I am not the only one who, in the last 200 years, has thanked DeWitt Clinton for his “Wedding of the Waters.” Originally 363 miles from Albany to Buffalo, I have been curious about the Erie Canal for years. I still have a long way to go to experience it all. In September 2008, I took a three day, two night, cruise on the canal from Albany to Syracuse. My curiosity intensified. I later explored canals and narrowboats in England and Ireland (sadly not taken a trip), have dug into Erie Canal sites on my previous trips to western New York, and detoured on other shunpiking adventures when I learned of nearby canals in Pennsylvania. In Canada I took a week long adventure on the Rideau Canal in 2011.
The New York Thruway, for the most part, follows the Erie Canal across the state. Thus the canal is accessible from many points along the way. On Friday I planned to see many of the canal towns from Lockport to Rochester (I did spend an afternoon at the Lockport Canal Museum in October 2014), But when I learned I could only see the Pan-American museum that morning, good old flexible me made some adjustments. So, on the way to Rochester I only got to Brockport and Spencerport – both deserve return visits.
In Brockport I met my first Lift Bridge.
The roughly 60 miles from Lockport (at the Niagara Escarpment) east to Rochester is basically flat with no locks. But bridges are required for traffic to cross the canals. Where long approaches are not possible to have a bridge high enough for boats to go under, lift bridges were installed, and the entire bridge is raised at once with counterweights – fascinating. And, as you can see below, as I turned around for this image, often the canal in not dug down, but built up.
When the bridge is up, you can climb the stairs to cross the canal on the sidewalk that also raises with the bridge. And, worrying about the ground level sidewalk, I learned that a barricade raises up with the bridge.
Down the road in Spencerport, this old trolley station was moved to provide a small museum, but in the lower level are facilities for canal boaters to use.
a fantastic interior, on display is an extensive collection of telephone equipment used and collected in the area.
this working model of a Lift Bridge helped me understand.
and, right outside the museum, boaters can tie up, use the facilities, go into town, and spend the night.
Leaving Rochester Saturday morning, and following the canal, I got this image of Fairport below, and a different style Lift Bridge.
I crossed the canal near Lock 30 in Macedon (where I may someday rent a boat) to Palmyra. I was on Route 31, which I was on years ago, but going in the opposite direction. So, I did see things differently, and more based on my research. Before entering Palmyra I stopped at Lock 29 and Palmyra Aqueduct Park. I stopped this time for a detailed visit.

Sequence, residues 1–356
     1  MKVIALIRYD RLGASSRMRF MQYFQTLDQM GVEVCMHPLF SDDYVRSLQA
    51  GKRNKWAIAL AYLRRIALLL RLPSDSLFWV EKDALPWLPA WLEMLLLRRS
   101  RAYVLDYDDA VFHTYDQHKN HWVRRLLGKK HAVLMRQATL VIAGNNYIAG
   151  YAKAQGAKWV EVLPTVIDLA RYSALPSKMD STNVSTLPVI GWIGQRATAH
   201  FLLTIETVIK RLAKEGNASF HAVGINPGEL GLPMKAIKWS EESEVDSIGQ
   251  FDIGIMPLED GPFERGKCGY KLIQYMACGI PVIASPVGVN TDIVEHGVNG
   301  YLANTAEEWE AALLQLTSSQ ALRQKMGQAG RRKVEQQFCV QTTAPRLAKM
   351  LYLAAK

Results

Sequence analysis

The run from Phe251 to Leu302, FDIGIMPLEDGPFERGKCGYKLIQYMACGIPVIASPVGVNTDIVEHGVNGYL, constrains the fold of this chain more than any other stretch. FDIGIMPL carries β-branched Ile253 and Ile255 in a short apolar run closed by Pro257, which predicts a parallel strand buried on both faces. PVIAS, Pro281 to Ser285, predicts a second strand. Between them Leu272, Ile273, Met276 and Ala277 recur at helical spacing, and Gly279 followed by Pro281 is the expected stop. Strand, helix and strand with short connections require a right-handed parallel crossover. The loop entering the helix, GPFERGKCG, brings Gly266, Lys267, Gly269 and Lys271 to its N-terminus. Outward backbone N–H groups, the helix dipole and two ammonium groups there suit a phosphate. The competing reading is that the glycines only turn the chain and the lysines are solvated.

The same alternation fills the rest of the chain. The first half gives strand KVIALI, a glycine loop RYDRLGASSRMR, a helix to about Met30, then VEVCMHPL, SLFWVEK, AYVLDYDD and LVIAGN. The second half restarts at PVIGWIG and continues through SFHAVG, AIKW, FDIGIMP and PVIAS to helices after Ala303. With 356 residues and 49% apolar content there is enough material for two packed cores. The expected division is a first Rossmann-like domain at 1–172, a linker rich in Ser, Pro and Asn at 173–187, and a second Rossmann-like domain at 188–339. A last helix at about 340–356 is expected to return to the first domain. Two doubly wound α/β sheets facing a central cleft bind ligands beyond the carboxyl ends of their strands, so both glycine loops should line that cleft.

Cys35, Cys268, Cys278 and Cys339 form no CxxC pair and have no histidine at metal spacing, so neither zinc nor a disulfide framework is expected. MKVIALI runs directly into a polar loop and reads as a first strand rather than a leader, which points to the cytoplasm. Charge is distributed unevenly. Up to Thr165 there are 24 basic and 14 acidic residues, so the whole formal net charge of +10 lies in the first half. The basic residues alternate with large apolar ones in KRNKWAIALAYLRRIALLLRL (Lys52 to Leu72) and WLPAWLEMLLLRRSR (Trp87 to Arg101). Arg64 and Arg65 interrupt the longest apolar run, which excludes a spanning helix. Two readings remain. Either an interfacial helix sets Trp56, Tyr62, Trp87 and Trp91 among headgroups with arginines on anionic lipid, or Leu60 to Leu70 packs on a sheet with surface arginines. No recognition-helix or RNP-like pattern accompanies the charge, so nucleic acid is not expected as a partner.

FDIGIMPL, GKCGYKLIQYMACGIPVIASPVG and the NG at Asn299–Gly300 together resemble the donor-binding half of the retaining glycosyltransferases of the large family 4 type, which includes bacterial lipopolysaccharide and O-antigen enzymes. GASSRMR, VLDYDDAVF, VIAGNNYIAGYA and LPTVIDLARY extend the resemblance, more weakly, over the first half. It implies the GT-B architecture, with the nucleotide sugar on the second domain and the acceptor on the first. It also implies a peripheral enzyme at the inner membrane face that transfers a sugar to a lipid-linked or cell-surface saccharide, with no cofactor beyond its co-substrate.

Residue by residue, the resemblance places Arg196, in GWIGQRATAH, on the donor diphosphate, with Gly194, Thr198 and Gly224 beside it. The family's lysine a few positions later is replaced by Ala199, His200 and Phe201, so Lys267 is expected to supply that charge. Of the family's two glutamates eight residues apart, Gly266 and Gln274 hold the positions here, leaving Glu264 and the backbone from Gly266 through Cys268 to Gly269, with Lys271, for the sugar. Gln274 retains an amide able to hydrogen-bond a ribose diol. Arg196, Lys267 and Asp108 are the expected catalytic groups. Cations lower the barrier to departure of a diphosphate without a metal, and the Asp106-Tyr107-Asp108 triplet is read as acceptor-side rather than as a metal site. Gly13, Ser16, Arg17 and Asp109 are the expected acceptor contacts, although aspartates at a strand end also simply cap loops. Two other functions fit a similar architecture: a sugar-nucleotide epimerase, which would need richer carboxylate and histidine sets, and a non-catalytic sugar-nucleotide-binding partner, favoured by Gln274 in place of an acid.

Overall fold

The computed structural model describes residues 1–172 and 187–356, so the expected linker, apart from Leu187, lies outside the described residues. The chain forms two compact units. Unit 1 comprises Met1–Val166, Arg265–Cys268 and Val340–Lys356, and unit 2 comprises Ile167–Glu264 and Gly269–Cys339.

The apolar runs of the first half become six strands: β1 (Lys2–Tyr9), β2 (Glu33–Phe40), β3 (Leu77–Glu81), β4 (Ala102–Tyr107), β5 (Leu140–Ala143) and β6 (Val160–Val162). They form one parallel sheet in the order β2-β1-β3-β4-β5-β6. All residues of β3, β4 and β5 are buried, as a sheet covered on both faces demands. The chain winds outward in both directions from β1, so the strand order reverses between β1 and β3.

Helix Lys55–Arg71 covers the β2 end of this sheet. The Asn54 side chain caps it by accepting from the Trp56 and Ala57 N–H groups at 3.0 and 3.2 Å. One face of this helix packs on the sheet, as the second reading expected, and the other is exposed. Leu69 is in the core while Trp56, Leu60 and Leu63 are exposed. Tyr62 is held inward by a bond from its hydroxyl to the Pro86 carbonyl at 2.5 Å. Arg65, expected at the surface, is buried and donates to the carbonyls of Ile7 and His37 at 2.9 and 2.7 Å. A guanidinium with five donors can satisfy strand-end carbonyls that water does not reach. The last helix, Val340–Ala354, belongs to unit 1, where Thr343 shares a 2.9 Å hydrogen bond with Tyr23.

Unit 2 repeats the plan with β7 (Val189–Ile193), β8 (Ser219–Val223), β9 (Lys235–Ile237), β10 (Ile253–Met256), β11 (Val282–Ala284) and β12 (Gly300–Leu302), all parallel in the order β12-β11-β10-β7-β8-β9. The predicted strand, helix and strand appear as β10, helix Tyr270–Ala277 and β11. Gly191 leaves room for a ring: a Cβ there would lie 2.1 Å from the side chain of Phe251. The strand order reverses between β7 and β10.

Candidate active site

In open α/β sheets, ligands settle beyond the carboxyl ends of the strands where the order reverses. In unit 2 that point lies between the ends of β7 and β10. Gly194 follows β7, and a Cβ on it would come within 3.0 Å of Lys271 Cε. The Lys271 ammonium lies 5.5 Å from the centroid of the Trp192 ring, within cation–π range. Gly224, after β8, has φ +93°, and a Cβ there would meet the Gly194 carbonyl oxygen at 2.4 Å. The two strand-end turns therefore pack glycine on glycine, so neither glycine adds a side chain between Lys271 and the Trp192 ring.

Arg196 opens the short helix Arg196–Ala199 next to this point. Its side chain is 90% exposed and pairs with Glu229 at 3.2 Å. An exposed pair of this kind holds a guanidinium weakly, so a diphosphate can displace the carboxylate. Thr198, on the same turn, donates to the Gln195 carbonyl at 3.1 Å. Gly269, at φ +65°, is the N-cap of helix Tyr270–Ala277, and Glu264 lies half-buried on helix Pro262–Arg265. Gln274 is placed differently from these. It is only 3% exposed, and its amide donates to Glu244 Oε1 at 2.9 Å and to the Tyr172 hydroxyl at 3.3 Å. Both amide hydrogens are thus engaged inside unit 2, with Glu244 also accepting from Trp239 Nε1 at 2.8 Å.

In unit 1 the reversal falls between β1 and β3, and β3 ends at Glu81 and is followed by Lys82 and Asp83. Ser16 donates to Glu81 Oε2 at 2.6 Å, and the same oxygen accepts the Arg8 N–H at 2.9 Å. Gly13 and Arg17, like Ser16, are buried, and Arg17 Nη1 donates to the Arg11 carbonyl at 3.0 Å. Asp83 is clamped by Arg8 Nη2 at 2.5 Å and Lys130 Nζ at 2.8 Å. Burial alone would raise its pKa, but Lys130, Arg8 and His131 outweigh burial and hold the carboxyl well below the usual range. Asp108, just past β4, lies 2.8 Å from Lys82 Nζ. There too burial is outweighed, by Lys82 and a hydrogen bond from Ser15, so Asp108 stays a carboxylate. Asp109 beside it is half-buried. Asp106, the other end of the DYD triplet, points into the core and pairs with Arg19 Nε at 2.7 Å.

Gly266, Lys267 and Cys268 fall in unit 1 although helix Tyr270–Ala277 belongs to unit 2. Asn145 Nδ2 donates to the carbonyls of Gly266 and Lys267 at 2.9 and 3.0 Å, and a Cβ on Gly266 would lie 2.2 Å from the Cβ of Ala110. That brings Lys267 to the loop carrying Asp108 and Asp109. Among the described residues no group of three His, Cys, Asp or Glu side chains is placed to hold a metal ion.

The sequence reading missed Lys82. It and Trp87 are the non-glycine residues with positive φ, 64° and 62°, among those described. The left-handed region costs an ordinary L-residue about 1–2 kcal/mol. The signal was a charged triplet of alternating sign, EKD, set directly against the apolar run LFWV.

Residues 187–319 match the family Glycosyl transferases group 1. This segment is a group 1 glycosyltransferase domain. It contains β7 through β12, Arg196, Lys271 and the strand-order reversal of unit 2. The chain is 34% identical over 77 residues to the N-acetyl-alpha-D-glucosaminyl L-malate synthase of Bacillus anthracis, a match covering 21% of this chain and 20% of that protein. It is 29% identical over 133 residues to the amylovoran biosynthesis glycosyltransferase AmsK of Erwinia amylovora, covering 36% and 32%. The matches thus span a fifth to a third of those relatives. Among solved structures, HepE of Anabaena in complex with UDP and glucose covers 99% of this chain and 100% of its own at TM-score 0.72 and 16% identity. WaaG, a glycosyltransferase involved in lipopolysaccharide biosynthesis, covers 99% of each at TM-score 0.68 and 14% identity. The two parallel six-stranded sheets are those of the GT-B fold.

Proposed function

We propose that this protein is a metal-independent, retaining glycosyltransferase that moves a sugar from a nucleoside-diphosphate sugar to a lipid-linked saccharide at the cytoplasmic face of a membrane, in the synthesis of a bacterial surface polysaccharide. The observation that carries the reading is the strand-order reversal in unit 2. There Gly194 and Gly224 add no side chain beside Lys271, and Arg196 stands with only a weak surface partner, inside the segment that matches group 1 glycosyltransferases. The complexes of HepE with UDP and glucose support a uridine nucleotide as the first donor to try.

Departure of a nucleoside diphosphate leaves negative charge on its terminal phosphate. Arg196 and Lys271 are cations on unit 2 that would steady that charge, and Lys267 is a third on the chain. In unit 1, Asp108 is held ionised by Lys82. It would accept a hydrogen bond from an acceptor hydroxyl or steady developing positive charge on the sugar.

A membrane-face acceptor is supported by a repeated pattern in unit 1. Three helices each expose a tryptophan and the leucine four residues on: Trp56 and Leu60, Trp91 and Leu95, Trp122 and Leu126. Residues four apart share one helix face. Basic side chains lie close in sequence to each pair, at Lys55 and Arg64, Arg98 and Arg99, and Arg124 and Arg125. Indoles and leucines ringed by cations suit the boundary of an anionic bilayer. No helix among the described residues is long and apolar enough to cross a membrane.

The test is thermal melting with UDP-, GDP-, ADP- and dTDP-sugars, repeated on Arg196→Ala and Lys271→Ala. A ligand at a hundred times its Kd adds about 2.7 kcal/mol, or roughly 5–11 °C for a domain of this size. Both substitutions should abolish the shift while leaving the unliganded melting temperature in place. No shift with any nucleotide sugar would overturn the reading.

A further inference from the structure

I spent some time chatting with the lock attendant. This fellow, and the next one I visited, with were both a wealth of friendly information. Both loved their jobs, caring for their locks and grounds, and helping curious visitors. Both fellows were proud of their work.
The equipment is fastidiously maintained.
Moved to the park was this rescued cross-over bridge for the tow animals.
I then arrived in Palmyra. I had passed through before, but did not know the TIME-CAPSULEs here and that Palmyra is the birthplace of the Latter Day Saint movement. Founder Joseph Smith, whose family lived on a farm, started it here. The first book of Morman was printed here, and to top things off, Henry Wells, founder of Wells Fargo and American Express, came from here.
The TIME CAPSULE – the five Museums of Historic Palmyra. This canal town is an architectural and historic treasure that must be visited, and I need to go back. You know I love old country stores and letterpress printing – two of the museums are the original store, and a print shop.
a close-up of the facade shows changes over the time. What looks like Victorian cast-iron features are actually applied features over wood. See the small addition to the left of the store above? The canal was originally right next door with the store entrance there (before the addition). Fights were always underway by canal boaters vying for loads, and ladies would not go to the store. So, a new owner changed the entrance to where it now is facing Market Street.
Inside – WOW. Living quarters above, unchanged with three generations. The senior shop owner in 1940 said to his daughter, “I am done, the store is yours,” and he locked up. The store never opened again, and stayed untouched until after her death in the late 1970s. It was in the early 80s (if I recall from the private tour) the society acquired the property. I would imagine the shelves have been restaged, but done so with items that have always been in this building. – Unbelievable.
Did I say the doors were locked in 1940, and everything left as is? Here are eggs that were for sale that day – now almost 80 years later.
Three generations of the same family had lived above the store, and little was changed from one generation to the next – you have to visit in person. (remember you can click on an image to see a larger view)